Imposing a coronavirus testing regime on lorry drivers crossing the English Channel “still means we will have delays at the border” and that UK supply chains will be hit, according to the Road Haulage Association (RHA).
Transport Secretary Grant Shapps said rapid lateral flow tests – which can give results in about 30 minutes – will be used to test HGV drivers at the ports in a deal to reopen the border between France and the UK.
The French authorities will be carrying out similar testing on hauliers entering the UK in a programme that is set to get under way on Wednesday.
The RHA estimate between 8,000 to 10,000 delayed lorries are now in Kent and its surrounding areas, in truck stops and at depots waiting for borders to reopen and to cross the Channel.
A RHA spokesman added: “Even if the border is opened up, a short delay in the process is going to mean huge delays in the supply chain.”
Chief executive Richard Burnett said: “There are many serious implications to this latest situation, even lateral flow Covid testing will have a massive impact on the supply chain.”
The welfare of the drivers is also an issue, with Mr Burnett saying: “What happens to them? How is it all going to play out? Are they going to be tested on site or are they going to have to go somewhere else to do it?”
The majority of HGV drivers crossing into Europe take rest breaks in their cabs and they maintain strict social distancing when leaving them for comfort breaks, according to the RHA.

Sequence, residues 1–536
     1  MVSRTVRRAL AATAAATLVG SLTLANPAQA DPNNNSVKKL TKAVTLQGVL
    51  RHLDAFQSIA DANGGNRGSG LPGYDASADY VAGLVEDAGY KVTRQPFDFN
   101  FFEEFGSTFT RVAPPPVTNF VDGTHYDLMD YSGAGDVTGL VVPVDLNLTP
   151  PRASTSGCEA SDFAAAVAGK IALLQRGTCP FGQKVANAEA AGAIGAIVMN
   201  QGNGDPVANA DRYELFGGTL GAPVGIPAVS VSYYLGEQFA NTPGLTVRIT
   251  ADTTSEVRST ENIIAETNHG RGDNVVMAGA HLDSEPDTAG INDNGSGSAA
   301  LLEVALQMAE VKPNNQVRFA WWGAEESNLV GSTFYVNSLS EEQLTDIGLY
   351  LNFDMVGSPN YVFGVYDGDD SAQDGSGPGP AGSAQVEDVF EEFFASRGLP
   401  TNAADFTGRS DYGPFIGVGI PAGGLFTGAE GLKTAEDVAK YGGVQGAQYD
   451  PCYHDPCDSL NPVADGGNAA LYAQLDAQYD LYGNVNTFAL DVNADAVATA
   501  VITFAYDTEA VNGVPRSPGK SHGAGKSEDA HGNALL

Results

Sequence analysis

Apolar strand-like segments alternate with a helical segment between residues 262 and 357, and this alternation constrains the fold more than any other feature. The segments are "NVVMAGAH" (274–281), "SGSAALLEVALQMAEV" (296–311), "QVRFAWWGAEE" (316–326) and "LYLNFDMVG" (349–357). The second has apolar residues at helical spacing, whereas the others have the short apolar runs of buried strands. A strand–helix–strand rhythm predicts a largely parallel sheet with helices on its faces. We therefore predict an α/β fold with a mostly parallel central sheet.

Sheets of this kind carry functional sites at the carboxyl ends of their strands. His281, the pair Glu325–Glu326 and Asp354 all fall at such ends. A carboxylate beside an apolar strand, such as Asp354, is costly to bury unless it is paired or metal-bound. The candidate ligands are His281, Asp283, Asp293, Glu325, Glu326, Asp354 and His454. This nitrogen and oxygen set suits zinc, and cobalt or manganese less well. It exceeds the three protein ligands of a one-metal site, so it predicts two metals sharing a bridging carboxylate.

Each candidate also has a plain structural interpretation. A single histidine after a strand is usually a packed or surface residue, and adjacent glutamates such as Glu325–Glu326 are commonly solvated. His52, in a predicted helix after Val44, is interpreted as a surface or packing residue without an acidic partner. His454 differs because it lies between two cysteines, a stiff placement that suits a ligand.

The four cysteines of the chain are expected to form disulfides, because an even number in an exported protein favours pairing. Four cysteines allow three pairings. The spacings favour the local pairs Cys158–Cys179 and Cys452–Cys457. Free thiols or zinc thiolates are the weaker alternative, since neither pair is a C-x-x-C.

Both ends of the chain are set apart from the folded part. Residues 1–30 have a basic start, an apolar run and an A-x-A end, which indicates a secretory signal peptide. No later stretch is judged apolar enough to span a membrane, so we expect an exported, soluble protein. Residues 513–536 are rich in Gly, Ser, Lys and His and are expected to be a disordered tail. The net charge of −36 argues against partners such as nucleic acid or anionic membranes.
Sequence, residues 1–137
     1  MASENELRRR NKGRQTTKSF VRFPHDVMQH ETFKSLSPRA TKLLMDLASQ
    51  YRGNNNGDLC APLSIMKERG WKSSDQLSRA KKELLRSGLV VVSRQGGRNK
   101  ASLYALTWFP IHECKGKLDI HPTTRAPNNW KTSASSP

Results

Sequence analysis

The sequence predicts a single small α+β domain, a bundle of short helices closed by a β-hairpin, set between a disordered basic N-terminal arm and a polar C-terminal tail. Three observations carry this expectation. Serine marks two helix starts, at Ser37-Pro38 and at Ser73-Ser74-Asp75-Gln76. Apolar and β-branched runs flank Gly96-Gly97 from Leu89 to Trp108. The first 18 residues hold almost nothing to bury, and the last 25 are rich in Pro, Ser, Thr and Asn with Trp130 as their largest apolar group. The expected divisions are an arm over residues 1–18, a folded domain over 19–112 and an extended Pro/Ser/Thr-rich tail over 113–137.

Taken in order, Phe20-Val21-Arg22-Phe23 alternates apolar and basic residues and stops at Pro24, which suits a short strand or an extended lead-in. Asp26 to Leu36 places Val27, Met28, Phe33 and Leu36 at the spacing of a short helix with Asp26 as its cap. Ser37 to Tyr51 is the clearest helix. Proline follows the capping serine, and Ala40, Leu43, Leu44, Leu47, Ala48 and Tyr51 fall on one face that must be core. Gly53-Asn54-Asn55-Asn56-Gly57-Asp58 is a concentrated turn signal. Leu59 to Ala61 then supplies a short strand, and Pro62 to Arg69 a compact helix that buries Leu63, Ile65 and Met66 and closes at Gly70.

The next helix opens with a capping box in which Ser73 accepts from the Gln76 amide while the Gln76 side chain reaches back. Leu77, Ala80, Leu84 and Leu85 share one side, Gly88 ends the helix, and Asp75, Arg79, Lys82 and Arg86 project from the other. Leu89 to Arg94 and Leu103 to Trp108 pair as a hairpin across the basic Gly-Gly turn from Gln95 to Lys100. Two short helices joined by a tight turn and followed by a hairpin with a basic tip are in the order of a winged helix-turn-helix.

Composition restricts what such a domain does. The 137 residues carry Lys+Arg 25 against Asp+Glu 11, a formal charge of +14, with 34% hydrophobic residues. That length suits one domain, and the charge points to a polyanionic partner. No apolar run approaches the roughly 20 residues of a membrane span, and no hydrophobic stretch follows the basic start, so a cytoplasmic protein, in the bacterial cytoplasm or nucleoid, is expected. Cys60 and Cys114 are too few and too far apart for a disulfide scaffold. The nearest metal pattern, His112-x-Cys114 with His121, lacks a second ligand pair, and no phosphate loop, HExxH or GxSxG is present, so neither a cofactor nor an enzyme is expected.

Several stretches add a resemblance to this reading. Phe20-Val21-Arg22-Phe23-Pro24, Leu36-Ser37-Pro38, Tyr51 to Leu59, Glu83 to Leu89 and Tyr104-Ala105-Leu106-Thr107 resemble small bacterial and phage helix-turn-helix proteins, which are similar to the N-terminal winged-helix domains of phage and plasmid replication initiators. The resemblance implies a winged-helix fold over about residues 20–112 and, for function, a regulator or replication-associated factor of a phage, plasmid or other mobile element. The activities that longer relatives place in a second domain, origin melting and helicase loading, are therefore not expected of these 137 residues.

Mr Burnett said that HGV drivers who are “caught up in this mess” have limited access to toilet and washing facilities, and the majority have none.
He fears the current situation involving a lack of basic facilities could be putting their health at risk.
He said: “It’s exacerbating the very situation that it was supposed to prevent. For example, what will happen to those drivers who test positive?
“They will be unfit to drive but where will they go? They will be unable to quarantine with their families in Europe and what will happen to their vehicles?
“Who will be responsible for the deep cleaning of their cabs? And for those carrying return loads, what will happen to their cargo? This is going to be an extremely expensive exercise.”
Meanwhile, Transport secretary Grant Shapps has announced a temporary relaxation of drivers’ hours for hauliers – increasing the driving limit of nine hours to 11 – to help them get through UK borders safely over the coming weeks.